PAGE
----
Next, guiding catheter 115 is retracted as shown in
Next, balloon 122 of balloon catheter 120 is deflated and balloon catheter 120 is repositioned such that balloon 122 is near the overlapping region of sections 11 and 13 of endovascular prosthesis 10 a—see
At this point, balloon 122 is expanded which results in urging of sections 11 and 13 of endovascular prosthesis 10 a against lumen 100 as shown in
Thereafter, guiding catheter 115 is retracted to expose the entire expandable prosthesis 10 a as shown in
Of course, while not specifically illustrated, it is preferred that cover material 16 a (
With reference to
Thus, a guidewire 200 is navigated endovascularly to a region of the ascending aorta 205 just proximal the patient's heart (not shown). Thereafter, a combination of a sheath 210, a balloon catheter 215, and an endovascular prosthesis 220 is delivered over guidewire 200 to ascending aorta 205.
A balloon 225 disposed at the distal end of balloon catheter 215 is expanded slightly so as to be urged against a pair of hoops 230 just proximal a distal hoop 235 of prosthesis 220. Next, the combination of sheath 210 and balloon catheter 215 are retracted slightly in the direction of the arrow shown in
With reference to
Next, the combination of sheath 210 and balloon catheter 215 is retracted in the direction of the arrow shown in
Continued retraction of the combination of sheath 210 and balloon catheter 215 results in further hoops of endovascular prosthesis 220 being exposed from sheath 210 as shown in
The present endovascular prosthesis may further comprise a coating material thereon. The coating material may be disposed continuously or discontinuously on the surface of the prosthesis. Further, the coating may be disposed on the interior and/or the exterior surface(s) of the prosthesis. The coating material can be one or more of a biologically inert material (e.g., to reduce the thrombogenicity of the prosthesis), a medicinal composition which leaches into the wall of the body passageway after implantation (e.g., to provide anticoagulant action, to deliver a pharmaceutical to the body passageway and the like) and the like.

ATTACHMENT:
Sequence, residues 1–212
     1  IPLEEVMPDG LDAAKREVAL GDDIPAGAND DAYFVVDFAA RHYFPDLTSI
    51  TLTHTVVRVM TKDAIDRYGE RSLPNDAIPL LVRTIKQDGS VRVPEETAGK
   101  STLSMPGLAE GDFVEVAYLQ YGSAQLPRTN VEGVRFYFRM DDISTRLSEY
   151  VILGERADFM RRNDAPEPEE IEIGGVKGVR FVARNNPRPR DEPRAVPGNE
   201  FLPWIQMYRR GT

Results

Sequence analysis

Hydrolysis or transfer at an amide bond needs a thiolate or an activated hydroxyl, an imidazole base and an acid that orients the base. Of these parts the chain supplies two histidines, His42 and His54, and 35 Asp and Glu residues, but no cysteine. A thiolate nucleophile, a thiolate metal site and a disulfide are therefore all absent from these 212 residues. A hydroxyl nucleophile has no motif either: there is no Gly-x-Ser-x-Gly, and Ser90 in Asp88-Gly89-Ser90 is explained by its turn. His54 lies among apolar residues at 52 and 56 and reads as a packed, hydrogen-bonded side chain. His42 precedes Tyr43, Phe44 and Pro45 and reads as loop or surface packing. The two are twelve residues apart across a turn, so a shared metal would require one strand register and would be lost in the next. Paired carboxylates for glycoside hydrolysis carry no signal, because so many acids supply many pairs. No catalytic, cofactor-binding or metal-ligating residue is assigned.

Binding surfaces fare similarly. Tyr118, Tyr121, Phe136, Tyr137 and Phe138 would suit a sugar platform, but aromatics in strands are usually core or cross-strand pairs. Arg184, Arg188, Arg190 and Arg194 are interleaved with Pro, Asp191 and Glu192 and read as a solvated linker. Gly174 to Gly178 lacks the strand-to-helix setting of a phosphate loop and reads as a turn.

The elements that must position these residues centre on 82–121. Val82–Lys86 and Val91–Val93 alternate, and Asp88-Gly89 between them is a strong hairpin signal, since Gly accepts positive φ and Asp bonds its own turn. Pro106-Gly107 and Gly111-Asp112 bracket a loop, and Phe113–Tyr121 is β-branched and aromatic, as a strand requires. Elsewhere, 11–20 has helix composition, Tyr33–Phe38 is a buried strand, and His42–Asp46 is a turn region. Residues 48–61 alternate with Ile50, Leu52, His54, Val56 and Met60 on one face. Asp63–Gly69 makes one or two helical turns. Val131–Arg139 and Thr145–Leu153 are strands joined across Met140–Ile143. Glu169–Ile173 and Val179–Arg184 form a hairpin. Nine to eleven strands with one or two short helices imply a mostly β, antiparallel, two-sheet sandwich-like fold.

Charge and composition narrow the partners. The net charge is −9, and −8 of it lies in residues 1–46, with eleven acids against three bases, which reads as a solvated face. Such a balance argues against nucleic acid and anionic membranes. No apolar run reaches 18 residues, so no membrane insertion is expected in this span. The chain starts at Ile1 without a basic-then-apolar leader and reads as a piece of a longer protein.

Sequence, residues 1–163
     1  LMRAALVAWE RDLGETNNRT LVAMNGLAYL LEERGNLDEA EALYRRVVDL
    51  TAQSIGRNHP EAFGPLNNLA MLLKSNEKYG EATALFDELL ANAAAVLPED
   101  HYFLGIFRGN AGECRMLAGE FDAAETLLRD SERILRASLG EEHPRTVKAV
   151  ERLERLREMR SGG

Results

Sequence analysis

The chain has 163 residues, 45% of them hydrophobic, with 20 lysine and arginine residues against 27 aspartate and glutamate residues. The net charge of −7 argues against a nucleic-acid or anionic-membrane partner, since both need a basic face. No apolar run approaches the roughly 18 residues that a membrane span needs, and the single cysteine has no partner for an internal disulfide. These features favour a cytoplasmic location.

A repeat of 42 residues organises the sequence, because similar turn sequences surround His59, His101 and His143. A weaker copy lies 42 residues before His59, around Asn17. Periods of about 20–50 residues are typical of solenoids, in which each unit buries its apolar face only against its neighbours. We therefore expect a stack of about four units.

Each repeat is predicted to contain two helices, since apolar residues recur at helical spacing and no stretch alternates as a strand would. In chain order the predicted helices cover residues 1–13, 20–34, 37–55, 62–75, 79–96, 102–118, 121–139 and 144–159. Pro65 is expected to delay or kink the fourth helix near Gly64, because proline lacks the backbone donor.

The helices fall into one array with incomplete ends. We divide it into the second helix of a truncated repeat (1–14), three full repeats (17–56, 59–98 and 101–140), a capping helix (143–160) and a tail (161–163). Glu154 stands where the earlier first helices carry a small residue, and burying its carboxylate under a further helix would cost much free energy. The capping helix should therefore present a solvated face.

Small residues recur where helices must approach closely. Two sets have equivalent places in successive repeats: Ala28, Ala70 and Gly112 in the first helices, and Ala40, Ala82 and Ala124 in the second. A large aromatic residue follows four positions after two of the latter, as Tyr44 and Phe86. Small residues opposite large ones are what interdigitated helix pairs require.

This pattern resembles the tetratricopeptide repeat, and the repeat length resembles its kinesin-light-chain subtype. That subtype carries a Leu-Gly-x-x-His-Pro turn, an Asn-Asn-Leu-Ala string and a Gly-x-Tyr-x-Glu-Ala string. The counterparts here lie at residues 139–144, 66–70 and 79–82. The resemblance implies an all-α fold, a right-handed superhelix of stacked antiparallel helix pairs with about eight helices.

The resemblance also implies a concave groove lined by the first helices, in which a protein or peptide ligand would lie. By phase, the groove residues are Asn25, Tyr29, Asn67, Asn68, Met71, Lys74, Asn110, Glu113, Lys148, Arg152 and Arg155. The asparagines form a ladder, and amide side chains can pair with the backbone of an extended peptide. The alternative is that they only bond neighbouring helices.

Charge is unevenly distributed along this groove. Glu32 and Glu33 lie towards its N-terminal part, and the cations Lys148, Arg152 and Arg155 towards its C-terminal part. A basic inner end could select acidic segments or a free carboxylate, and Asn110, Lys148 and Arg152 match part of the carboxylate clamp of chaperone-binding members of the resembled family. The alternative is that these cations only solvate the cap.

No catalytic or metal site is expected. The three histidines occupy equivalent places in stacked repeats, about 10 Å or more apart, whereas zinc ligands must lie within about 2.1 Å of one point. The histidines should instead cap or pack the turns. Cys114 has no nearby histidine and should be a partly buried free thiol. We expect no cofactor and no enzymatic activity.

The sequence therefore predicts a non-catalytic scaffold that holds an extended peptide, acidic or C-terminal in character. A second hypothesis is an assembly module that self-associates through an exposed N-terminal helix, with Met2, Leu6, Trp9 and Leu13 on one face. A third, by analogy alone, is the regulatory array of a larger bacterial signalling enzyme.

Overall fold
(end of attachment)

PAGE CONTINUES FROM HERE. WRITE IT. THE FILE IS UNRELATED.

The present endovascular prosthesis is preferably provided with a biocompatible coating in order to minimize adverse interaction with the walls of the body vessel and/or with the liquid, usually blood flowing through the vessel. The coating is preferably a polymeric material, which is generally provided by applying to the prosthesis a solution or dispersion of preformed polymer in a solvent and removing the solvent. Non-polymeric coating material may alternatively be used. Suitable coating materials, for instance polymers, may be polytetraflouroethylene or silicone rubbers, or polyurethanes which are known to be biocompatible. Preferably, however, the polymer has zwitterionic pendant groups, generally ammonium phosphate ester groups, for instance phosphoryl choline groups or analogues thereof. Examples of suitable polymers are described in International Publication Numbers WO 93/16479 and WO 93/15775. Polymers described in those specifications are hemo-compatible as well as generally biocompatible and, in addition, are lubricious. It is important to ensure that the surfaces of the prosthesis are completely coated in order to minimize unfavorable interactions, for instance with blood, which might lead to thrombosis in the parent vessel.
This good coating can be achieved by suitable selection of coating conditions, such as coating solution viscosity, coating technique and/or solvent removal step.
While this invention has been described with reference to illustrative embodiments and examples, the description is not intended to be construed in a limiting sense. Thus, various modifications of the illustrative embodiments, as well as other embodiments of the invention, will be apparent to persons skilled in the art upon reference to this description. For example, those of skill in the art will appreciate that it is possible to modify the specific embodiment illustrated in
All publications, patents, and patent applications referred to herein are incorporated by reference in their entirety to the same extent as if each individual publication, patent or patent application was specifically and individually indicated to be incorporated bag reference in its entirety.
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|U.S. Classification||623/1.13, 623/1.17, 623/1.15|
|International Classification||A61F2/88, A61F2/00, A61F2/86|
|Cooperative Classification||A61F2250/0007, A61F2250/0024, A61F2/88, A61F2/86, A61F2/958, A61F2002/075|
|European Classification||A61F2/88, A61F2/86, A61F2/958|
|Jan 23, 2015||REMI||Maintenance fee reminder mailed|
|Jun 14, 2015||LAPS||Lapse for failure to pay maintenance fees|
|Aug 4, 2015||FP||Expired due to failure to pay maintenance fee|
Effective date: 20150614